Department of Electrical and Computer Engineering
 University of Texas at Austin

ECE 382N, Spring 2000
Y. N. Patt, M. D. Brown
Design Project Specifications

First Design Review: by appointment, March 24-31, 2000.
Final Design Review: by appointment, May 8-12, 2000.
Final Report Due: May 12, 2000.

Design Reviews. It is my intent to hold at least two design reviews for each team this term. More will be held
if necessary. Both will be in my office (541a ENS), and will be conducted by Mary Brown and me. (Sometimes
one of my PhD students will wander in to learn some new ideas and ask questions. If he keeps asking questions,
you should feel flattered that what you have said has impressed him.) All members of the design team must be
present for each review. The purpose of a design review is to verify the integrity of the design and to catch
problems before they become major. We will review your design decisions, performance/cost considerations, and
other tradeoffs involved in your design. We will attempt to insure that, in fact, the machine, if built, will perform
as specified. You should feel encouraged to provide supporting documentation (e.g. simulation results) to assist
us in that task. The first design review is largely for your benefit. The more you can get from it, the easier the
final stages of your project will be.

Final Design Review: At the final design review, you will be expected to turn in a complete design of that
portion of an x86 implementation described below. This is to include state diagrams, data path, complete circuit
drawings, parts list, and a complete description of the control logic.

As part of the final design review, we will provide you with a test program consisting of approximately ten x86
instructions. We will expect you to demonstrate via the Verilog simulation of your design that your design can
execute the test program. [A larger sample test program will be available a week before the final design review
for your use in preparing for this.]

Your design is to include at least the following:

(1) All opcodes and prefixes covered in the homework assignments.
(2) All addressing modes and data types covered in the homework assignments.
(3) Instruction and data caches.
(4) The design and specification of the external bus.
(5) The handling of cache accesses and memory, including the functionality of an MMU and basic segmentation.
(6) The design of a simple I/O device.
(7) The handling of exceptions (e.g., segment limit) and interrupts (e.g., I/O device).
(8) A responsible cycle time. NOTE: A particularly careful attention to cycle time will not go unnoticed in the

Optionally, you may wish to include one or more of the following:

(1) More comprehensive pipelined instruction execution.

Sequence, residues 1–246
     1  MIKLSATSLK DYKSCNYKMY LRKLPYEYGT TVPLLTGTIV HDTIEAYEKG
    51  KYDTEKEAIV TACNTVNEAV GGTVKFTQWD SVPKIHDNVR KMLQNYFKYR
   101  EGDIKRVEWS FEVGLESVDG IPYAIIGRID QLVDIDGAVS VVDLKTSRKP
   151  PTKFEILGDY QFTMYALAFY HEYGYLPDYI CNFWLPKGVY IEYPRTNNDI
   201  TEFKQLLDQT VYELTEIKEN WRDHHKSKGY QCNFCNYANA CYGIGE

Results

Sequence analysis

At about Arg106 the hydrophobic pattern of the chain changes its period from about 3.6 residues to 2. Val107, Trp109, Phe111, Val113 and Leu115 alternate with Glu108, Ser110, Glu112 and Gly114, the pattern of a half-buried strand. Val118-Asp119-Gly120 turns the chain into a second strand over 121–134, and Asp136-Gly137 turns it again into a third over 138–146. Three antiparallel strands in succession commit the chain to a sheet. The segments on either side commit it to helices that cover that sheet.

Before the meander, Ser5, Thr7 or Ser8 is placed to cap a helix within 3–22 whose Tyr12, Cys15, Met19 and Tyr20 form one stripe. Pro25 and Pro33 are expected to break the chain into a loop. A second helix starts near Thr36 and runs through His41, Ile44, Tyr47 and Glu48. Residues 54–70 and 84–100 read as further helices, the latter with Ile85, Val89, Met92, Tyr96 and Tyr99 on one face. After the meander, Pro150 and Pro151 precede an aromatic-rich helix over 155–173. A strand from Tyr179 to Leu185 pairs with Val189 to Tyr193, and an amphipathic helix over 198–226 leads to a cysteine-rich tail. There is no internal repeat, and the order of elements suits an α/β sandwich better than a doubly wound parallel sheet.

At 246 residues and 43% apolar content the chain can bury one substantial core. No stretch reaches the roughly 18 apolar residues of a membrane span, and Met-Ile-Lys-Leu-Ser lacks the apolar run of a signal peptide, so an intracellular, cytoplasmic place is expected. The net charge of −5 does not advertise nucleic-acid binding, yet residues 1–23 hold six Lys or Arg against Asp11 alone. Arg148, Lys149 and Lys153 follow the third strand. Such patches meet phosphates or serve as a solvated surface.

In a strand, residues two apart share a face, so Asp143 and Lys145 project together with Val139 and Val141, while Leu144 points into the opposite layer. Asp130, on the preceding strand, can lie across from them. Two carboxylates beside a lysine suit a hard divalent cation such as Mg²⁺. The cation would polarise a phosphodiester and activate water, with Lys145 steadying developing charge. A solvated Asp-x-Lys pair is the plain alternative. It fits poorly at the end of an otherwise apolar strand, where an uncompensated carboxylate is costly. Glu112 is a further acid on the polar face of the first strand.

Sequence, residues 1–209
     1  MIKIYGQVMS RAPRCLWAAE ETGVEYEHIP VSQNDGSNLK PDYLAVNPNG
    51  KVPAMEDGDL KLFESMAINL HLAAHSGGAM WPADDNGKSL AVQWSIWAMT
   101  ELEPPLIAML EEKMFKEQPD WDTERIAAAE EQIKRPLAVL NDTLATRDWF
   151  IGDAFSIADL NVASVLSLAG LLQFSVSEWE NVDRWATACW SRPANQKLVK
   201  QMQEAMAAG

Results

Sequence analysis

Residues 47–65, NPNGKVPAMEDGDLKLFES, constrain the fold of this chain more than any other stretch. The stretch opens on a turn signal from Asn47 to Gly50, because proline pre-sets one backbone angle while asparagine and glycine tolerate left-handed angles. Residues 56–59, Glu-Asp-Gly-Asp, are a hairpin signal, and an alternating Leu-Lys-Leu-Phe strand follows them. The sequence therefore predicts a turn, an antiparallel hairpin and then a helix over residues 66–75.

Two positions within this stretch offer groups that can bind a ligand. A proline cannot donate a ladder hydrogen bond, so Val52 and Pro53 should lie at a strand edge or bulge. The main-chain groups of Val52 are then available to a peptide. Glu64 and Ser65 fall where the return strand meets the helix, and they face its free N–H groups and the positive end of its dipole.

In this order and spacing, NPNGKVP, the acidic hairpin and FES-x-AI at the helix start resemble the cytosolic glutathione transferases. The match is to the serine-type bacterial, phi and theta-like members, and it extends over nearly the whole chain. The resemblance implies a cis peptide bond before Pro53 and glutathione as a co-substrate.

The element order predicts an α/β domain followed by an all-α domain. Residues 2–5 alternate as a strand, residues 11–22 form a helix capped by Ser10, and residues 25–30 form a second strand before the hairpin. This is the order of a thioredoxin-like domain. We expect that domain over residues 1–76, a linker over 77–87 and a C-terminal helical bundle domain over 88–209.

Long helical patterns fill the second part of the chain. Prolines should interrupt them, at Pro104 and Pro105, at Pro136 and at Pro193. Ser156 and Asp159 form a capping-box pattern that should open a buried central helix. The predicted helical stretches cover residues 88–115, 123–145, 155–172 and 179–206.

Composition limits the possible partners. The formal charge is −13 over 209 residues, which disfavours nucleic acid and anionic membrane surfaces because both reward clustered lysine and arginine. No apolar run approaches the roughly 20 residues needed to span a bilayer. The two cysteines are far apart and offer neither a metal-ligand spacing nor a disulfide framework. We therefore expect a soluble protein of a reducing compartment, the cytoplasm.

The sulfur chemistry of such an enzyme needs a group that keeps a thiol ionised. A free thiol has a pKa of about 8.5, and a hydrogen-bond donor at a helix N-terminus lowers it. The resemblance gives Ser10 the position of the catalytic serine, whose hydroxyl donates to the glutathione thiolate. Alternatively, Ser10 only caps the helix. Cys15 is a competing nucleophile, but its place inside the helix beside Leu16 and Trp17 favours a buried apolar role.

(2) More complete support of the memory system: paging, interleaving.
(3) Microcode or an attached processor to support integer multiply, floating point arithmetic.
(4) Microcode to support a commercial instruction set: string operations etc.
(5) The design of a DMA controller and the additional support to enable it to function in your system.
(6) Other features, as your creativity suggests, and time permits.

Note: You are not expected, and will not be penalized, if you do not implement all of the above. If you get to
the point late in the term where you need to choose what must stay in and what to leave out, you are strongly
encouraged to talk to the instructor and TA about it.

The Final Report. Subsequent to the design review, but not later than 5 pm, May 12, 2000, you are expected to
turn in a final report describing your design. The report is to be written in clear, understandable English. The
information must be clear and legible, accompanied by well-laid-out diagrams, as appropriate. We must stress
that it is your responsibility to convey the information contained in your design. For your convenience, the
following items should be used as a checklist of what we would expect to be included in an acceptable report:

The Report Check List.

(1) Title Page, Abstract, Contents, Chapters, Appendix.

(2) Introduction: Application area, general requirements, logic family, features, design approach.

(3) Design discussion: Brief description of control and data path, both high-level and low-level.

(4) Design considerations: Description of goals and priorities. Discussion of the tradeoffs you considered in
determining your implementation, including the data path, instruction set optimizations, method of control,
memory system, and console functions and start-up.

(5) Critical path analysis, including relevant timing diagrams.

(6) Final design decisions relating to the items of part (4).

(7) Conclusions: Discussion of constraints, performance, cost, recommendations for a next design, etc.

(8) Appendixes:

The Instruction Set, opcodes, addressing modes, data types supported.
A start-up procedure.
Specifications, timing diagrams, etc.
Instruction execution times.
A parts list (which ones and how many of each).
Microinstruction format, and microcode listings, where and if appropriate.
Simulation results. *
Important Karnaugh maps.
PLA/ROM tables.

A Final Note:

Neatness, spelling, English usage, clarity, and organization of the material cannot be emphasized too much.

* During the week of May 1, you will be given a short program (this is not the test program
discussed under the heading "Final Design Review" above). The annotated results of the cycle-by-cycle
simulation of this short program are to be included in your report. This simulation should be done at the
maximum speed of your processor (as calculated in the critical path section).